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# Structure and Properties of Eccentric Digraphs - PowerPoint PPT Presentation

Structure and Properties of Eccentric Digraphs. Joint work of Joan Gimbert Universitat de Lleida, Spain Nacho Lopez Universitat de Lleida, Spain Mirka Miller University of Ballarat, Australia Frank Ruskey University of Victoria, Canada

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Structure and Properties of Eccentric Digraphs

Joint work of

• Joan Gimbert Universitat de Lleida, Spain

• Nacho Lopez Universitat de Lleida, Spain

• Mirka Miller University of Ballarat, Australia

• Frank Ruskey University of Victoria, Canada

• Joe Ryan University of Ballarat, Australia

eG(u) – the eccentricity of a vertex u in a graph G

v is an eccentric vertex of u if d(u,v) = e(u)

The eccentric digraph of G, ED(G)is a graph on the same vertex set as G but with an arc from u to v if and only if v is an eccentric vertex of u.

Buckley 2001

• Converse

• Symmetry (eccentric graph)

• Complement

For converse, just

change direction

of the arrows.

Let G be a digraph such that ED(G) = G, then

• rad(G) > 1 unless G is a complete digraph,

• G cannot have a digon unless G is a complete digraph,

• ED2(G) = G

For G a connected graph

ED(G) is symmetric  G is self centered

(Not true for digraphs

See C4, K3 K2 for examples)

For G not strongly connected digraph, ED(G) is symmetric 

G=H1H2 … Hk or

G=Kn→(H1 H2 …Hk)

Where H1, H2…are strongly connected components

Eccentric Digraphs and ComplementsThe symmetric case

ED(G) = G when

G is self centered

G is disconnected

with each component

a complete graph

Eccentric Digraphs and ComplementsThe symmetric case

The Even Cycle

ED(C6) = 3K2

ED2(C6) = H2,3

C6

C2n

ED(C2n) = nK2

ED2(C2n) = H2,n

• Construct G– (the reduction of G) by removing all out-arcs of v where out-deg(v) = n-1

G

G–

• Construct G– (the reduction of G) by removing all outarcs of v where deg(v) = n-1

• Find G–, the complement of the reduction.

G

G–

G–

For a digraph G, ED(G) = G– if and only if,

for u V(G) with e(u) > 2, then

(u,v), (v,w)  E(G)  (u,w)  E(G)

v,w  V(G) and u≠ w

Digraph

Iteration

Sequence

Digraph

Iteration

Sequence

Digraph

Iteration

Sequence

G

t=3

ED(G)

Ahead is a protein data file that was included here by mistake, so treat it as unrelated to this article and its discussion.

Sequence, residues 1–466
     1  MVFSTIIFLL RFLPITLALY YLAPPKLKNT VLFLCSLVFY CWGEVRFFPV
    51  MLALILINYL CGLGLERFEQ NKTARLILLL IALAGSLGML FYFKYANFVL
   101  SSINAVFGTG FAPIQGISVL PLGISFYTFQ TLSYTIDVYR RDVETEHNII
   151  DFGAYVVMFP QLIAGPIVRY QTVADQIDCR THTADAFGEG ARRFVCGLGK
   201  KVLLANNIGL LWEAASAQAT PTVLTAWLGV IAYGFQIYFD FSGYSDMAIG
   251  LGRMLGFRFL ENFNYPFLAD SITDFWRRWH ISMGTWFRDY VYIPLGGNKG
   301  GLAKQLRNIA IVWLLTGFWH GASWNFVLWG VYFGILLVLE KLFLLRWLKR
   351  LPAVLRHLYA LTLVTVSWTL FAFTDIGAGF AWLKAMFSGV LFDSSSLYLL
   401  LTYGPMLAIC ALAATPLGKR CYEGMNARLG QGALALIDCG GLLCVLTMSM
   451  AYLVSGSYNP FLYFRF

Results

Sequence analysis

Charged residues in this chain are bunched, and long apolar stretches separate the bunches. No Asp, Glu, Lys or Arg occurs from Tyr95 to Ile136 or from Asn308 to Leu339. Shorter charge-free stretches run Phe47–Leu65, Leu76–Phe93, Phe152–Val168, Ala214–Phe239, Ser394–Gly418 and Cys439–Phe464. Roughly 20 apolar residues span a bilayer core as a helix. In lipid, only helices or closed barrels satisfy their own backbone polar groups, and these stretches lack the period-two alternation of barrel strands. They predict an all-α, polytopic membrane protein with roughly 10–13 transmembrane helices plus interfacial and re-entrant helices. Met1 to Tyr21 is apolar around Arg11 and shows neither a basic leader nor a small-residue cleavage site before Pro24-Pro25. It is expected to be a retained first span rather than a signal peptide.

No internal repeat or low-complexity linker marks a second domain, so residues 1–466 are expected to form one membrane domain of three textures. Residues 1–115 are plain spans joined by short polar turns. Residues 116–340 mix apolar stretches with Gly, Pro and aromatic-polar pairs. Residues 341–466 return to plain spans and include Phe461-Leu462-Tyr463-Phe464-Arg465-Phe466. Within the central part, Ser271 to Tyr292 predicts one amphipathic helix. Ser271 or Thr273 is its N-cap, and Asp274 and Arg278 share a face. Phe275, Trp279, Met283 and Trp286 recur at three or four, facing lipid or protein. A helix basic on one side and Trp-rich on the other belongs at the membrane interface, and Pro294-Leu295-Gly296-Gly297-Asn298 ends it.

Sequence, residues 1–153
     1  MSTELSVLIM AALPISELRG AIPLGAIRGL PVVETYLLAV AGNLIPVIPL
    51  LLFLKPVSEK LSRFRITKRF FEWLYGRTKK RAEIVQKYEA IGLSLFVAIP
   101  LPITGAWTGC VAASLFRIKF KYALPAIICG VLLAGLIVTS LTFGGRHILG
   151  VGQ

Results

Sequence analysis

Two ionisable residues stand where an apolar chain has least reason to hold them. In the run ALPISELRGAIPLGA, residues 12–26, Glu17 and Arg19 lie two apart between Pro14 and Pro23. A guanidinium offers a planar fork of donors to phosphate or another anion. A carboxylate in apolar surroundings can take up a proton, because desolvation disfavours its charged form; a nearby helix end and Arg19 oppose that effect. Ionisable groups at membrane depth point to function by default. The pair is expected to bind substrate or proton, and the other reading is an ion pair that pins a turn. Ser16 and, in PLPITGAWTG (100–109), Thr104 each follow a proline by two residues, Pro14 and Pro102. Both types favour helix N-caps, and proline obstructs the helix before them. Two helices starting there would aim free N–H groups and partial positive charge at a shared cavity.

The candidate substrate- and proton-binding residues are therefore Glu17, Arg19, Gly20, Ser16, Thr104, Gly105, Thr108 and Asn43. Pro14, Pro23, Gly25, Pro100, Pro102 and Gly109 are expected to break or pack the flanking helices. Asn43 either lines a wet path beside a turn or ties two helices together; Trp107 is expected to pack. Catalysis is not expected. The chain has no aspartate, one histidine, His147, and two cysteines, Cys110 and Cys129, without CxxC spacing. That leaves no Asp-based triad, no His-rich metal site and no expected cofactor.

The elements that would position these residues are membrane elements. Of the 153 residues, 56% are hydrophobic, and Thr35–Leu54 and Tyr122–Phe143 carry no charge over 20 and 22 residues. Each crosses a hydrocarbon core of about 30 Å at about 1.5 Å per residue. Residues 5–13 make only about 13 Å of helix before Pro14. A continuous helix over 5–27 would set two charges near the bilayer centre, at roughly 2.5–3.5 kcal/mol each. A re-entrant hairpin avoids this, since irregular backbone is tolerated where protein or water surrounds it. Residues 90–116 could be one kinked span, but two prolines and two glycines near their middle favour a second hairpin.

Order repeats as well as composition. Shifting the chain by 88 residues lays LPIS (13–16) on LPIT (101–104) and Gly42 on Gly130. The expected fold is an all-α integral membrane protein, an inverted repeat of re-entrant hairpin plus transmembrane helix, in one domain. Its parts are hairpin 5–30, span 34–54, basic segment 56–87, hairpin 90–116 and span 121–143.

ED2(G)

ED3(G)

p=2

ED4(G)

For every digraph G there exist smallest integer numbers p' > 0 and t' 0 such that

EDt'(G)  EDp'+t'(G)

where  denotes graph isomorphism.

Call p' = p'(G) the iso-period and

t' = t'(G) the iso-tail.

Period = 2

Iso-period = 1

• How long can the tail be?

• What can be the period?

• Iso-tail?

Theorem (Gimbert, Lopez, Miller, R; to appear)

For every digraph G, t(G) = t'(G)

digraphs for any other (di)graph.

How long can the tail be?

Digraphs containing a vertex with zero out degree

are not EDs

Theorem: (Boland, Buckley, Miller; 2004) Can construct an ED from a (di)graph by adding no more than one vertex (with appropriate arcs).

Theorem (Gimbert, Lopez, Miller, R; to appear)

A digraph G is eccentric if and only if

ED(G–) = G

G

G–

ED(G–)

Computer searches over digraphs of up to 40 nodes indicate that for the most part

p(G) = 2

Theorem: (Wormald) Almost all digraphs have

iteration sequence period = 2

Recall

p(Km Kn) = p(Km,n) = 2,

t(Km Kn) = t(Km,n) = 0

p(Hm Hn) = 2,

t(Hm Hn) = 1

Period and Tail of Some Families of Graphs

• Define Eccentric Core of G, EccCore(G) as the subdigraph of ED(G) induced by the vertices that in G are eccentric to some other vertex.

G

ED(G)

EccCore(G)

3

2

2

3

3

3

2

3

2

3

3

3

2

3

3

2

3

K2  K4

K2  K4

3

2

2

3

3

3

2

3

2

3

3

K2 C4

K2 C4

3

2

3

3

2

3

(01)(23)(4567) and (56)(78)

p(G) = p'(G) = 4

and t(G) = t'(G) = 1

The graph C9 and its iterated

eccentric (di)graphs

Sequence A003558 in Sloane’s Encyclopedia of Integer Sequences

p(C2m+1) = min{k>1: m(m+1)k-1 =  1 mod(2m+1)}

In particular, m = 2k, p(C2m+1) = k+1

Sloane’s A045639, the Queneau Numbers

• Find the period and tail of various classes of graphs and digraphs.

• What can be said about the size of the equivalence class in the labelled and unlabelled cases?